Making a Plan pt. 2 - Demystifying Periodization

In part 1 of this series we discussed progressive overload. It is one of the key principles towards attaining your goals. To make the most of progressive overload it is important to understand periodization. However, right now that word probably makes as much sense to you as all those creepy clowns walking around.

Clowns.jpg

 

Periodization is simply a method or variety of methods we may use to organize our training. Whether you are planning for the year, the month, or even the week you are using some form of this. 

One common method of periodization is the block method. This method will organize training according to qualities trying to achieve. An example would be where you spend 4 weeks focusing on hypertrophy, the next 4 weeks focusing on strength, and the final 4 weeks focusing on power.

Another common method is linear where you may do a 12 week program, and in week 1 you do 12 reps, week 2 you do 11 reps and so on and so forth until you get to week 12 where you’d maybe do 1 rep.

Suffice to say, I won't go into much more detail, unless you're looking for that mid afternoon nap. While these two methods are the most common, it really doesn’t matter what method you use for periodization. Rather it’s more crucial to understand why periodization is important and in further posts we will discuss how to use it.

As we learned in the first installment, progressive overload is crucial for our bodies to change and grow. However, our bodies are smarter than we may realize. They adapt. Simply pushing our body the same way all the time, every time is not going to work.

Honestly, there is no formulaic way to know when our bodies will plateau and how long the plateau may last. Everyone is different. The thing is we want to make sure we are proactive as opposed to reactive. This is where periodization enters the equation. It helps us formulate our training in a manner to make sure our bodies don’t reach a point of plateau for a long time.

Through manipulating variables in an organized manner like; deloads, rest, volume, frequency, intensity and etc, we can constantly seek to improve through our training.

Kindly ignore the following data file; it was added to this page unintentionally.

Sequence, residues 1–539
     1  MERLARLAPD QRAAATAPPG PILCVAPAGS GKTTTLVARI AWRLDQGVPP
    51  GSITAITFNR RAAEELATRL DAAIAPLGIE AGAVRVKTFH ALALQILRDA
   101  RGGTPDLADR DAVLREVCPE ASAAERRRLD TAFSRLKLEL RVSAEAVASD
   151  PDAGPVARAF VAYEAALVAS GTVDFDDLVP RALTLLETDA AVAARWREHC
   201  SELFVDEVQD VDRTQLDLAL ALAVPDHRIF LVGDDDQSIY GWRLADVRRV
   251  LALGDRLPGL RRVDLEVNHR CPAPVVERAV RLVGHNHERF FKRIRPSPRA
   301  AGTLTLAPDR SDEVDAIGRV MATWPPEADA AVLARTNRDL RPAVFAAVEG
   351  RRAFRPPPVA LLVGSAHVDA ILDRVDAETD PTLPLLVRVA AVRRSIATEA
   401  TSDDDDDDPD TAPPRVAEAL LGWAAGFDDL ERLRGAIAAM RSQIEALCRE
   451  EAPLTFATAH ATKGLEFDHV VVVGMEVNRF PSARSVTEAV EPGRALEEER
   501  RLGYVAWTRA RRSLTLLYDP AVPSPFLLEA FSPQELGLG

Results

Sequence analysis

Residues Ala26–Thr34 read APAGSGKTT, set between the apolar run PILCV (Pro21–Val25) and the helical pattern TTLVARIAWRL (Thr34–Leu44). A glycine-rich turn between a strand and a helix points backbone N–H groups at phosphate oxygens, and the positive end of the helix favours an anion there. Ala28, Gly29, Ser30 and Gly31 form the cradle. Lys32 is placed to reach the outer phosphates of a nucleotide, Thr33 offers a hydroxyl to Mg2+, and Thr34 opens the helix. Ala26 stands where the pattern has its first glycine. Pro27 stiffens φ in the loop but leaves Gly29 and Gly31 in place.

More on all this later.

-Dave

Making a Plan pt. 1 - Understanding Progressive Overload

Pertaining to health and fitness, figuring out what we're supposed to do can be one of the most daunting ventures of our lives.

Take a look at nutrition. Depending on where we go for advice we'll see an expert say carbohydrates are the devil. Next thing you know a study gets released that tells us we need carbohydrates. Pretty soon someone will probably say; the only way to optimize your digestion is by eating while doing a hand stand.

All this to say; I'm not even going to touch the nutrition aspect. Rather, we will spend some time exploring programming design. I simply can't state the importance of having a program in place. As the old adage goes, "Failing to plan, is planning to fail".

The first thing we will discuss is the cornerstone principle of progressive overload.

Progressive overload simply states something needs to change so that our body can keep growing. Many of us do this intuitively without even realizing it. For example, when weight feels easy we make it heavier.

Progressive overload, as a principle, should be one of our key focal points for our training. However, because it is a principle, there are also a variety of methods we can use to implement it. This is important because we do not want to stick to only one method of implementation, otherwise our training will stagnate and we will cease to adapt.

Below are three of the more popular methods for implementing progressive overload.

1.    Increase the weight

2.    Increase the range of motion (think of doing a step-up on a higher box)

3.    Decrease the amount of rest between exercises

There are way more methods than just these three. Renowned trainer, Bret Contreras has a book dedicated to 10 methods of progressive overload. This vast sum of methods is why having a solid understanding of programming is crucial. If we can understand the basics of programming and how it revolves around the principle of progressive overload, we can figure out how we can manipulate our training to ensure we are always improving, and for lack of a better word, progressing.

Throughout this series we will talk about: periodization, weekly layouts, volume/intensity/frequency, progressions/regressions, and even how deloads and recovery come into play. All with the purpose of helping us achieve our goals and using progressive overload to work for us.

- Dave